African-American Children at Church
A Sociocultural Perspective
By Wendy L. Haight
Publisher: Cambridge University Press
Print Publication Year: 2001
Online Publication Date:August 2009
Chapter DOI: http://dx.doi.org/10.1017/CBO9780511500060.012
One of the reasons for organizing the Computer Club was to provide European-American university students intending to enter the helping professions with meaningful participation within the local African-American community. When asked to explain the low achievement of many African-American children in Salt Lake City's public schools, adult informants discussed a lack of interest in African-American children by local educators and an inadequate coverage of African-American history and culture in the curriculum (see chapter 6). In addition, we shared the concern that the understanding and empathy of many European-American helping professionals toward African-American children needed enhancement. These concerns also were echoed by recent interviews with experienced black teachers (Delpit, 1988; Foster, 1994), who generally viewed their white colleagues as both unsuccessful with the overwhelming majority of black students and unresponsive, “They're [white colleagues] so headstrong, they think they know what's best for everybody, for everybody's children. They won't listen” (Delpit, 1988, p. 282).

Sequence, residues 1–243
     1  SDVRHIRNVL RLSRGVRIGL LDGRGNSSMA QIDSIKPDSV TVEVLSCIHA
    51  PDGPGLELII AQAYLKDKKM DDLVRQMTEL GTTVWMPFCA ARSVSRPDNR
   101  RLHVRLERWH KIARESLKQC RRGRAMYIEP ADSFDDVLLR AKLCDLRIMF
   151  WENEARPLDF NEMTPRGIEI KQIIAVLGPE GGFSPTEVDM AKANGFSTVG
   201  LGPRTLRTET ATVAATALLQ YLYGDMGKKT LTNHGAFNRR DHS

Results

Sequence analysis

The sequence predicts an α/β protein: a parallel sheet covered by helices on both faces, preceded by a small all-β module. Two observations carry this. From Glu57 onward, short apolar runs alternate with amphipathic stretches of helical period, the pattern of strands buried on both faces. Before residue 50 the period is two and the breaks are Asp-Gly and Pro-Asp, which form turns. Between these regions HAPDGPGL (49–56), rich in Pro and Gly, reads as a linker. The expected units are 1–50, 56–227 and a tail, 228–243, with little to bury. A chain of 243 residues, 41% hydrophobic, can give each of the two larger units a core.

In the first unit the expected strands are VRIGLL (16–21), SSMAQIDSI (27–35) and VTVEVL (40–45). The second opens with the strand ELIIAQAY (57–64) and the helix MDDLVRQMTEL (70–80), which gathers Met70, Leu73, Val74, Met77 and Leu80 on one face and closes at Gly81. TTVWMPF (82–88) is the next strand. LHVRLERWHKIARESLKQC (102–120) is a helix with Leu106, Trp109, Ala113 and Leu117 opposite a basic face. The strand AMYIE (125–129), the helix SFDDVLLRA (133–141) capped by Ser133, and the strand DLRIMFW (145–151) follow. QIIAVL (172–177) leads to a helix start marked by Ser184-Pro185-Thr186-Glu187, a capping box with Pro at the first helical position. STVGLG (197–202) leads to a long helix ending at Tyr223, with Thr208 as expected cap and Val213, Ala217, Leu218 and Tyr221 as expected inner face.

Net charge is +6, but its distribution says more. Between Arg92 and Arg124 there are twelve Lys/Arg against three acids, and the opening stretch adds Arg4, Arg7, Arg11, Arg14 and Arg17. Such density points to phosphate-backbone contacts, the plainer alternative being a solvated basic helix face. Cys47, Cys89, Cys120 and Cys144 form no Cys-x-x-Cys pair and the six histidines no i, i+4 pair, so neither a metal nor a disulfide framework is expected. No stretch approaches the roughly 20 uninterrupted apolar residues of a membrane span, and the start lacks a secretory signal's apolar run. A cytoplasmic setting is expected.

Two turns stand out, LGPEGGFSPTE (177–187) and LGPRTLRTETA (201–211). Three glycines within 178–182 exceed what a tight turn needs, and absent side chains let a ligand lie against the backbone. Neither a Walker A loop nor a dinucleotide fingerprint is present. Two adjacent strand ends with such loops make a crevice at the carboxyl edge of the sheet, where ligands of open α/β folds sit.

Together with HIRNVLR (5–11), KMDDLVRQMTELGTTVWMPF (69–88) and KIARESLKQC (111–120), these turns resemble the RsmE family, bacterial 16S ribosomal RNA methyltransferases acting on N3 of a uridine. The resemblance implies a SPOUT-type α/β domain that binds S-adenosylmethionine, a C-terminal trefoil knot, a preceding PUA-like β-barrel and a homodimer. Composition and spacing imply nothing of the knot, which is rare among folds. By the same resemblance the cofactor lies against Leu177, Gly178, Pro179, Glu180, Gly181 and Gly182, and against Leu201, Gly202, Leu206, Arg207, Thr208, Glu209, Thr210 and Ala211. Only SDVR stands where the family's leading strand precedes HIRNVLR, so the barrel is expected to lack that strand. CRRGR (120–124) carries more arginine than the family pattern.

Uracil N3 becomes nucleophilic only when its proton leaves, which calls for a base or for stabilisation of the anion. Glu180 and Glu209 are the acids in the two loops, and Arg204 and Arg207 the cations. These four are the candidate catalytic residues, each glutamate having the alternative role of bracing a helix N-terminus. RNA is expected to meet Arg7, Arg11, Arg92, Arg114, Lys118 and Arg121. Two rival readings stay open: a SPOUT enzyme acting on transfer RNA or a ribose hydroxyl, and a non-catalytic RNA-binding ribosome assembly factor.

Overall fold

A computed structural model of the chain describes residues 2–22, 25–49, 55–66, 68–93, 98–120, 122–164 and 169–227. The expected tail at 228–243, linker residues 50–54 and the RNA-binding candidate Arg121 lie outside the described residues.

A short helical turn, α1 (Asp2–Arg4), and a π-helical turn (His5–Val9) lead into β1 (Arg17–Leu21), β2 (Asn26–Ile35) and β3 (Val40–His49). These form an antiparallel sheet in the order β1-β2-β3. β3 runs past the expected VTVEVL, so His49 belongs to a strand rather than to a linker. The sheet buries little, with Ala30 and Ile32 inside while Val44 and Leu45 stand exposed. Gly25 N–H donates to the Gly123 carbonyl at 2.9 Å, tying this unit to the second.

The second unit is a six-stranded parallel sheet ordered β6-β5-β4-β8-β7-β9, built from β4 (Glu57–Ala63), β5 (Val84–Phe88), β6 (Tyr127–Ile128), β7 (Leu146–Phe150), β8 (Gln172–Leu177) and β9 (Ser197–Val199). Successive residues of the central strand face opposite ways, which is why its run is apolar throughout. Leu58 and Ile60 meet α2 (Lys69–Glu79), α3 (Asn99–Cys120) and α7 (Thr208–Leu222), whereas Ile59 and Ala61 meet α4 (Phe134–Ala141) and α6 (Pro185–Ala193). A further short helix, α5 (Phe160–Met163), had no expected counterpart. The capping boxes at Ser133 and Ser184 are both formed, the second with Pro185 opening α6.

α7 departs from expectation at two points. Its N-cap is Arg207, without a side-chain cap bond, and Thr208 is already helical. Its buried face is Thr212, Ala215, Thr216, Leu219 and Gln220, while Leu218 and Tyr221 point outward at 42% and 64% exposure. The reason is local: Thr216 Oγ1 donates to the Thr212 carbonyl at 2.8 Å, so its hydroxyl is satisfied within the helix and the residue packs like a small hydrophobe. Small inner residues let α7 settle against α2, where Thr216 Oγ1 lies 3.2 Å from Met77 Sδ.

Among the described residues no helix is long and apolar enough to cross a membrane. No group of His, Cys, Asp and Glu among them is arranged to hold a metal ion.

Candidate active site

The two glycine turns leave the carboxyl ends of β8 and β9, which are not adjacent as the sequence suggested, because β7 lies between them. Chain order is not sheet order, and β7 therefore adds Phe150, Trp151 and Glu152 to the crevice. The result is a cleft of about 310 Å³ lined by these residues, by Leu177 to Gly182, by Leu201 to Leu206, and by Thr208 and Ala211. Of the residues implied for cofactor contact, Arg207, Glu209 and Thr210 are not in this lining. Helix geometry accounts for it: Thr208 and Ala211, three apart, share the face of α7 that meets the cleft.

As the population of the United States continues to diversify, an understanding of cultural diversity is increasingly necessary for all helping professionals. Professionals in Salt Lake City are no exception. Population statistics indicate that more and more people from diverse cultural communities are arriving in Salt Lake City, many fleeing the violence and weakening economy of the West coast (Mathews & Wright, 1994). Yet many middle-class, European-American students have relatively little knowledge and experience with issues such as racism.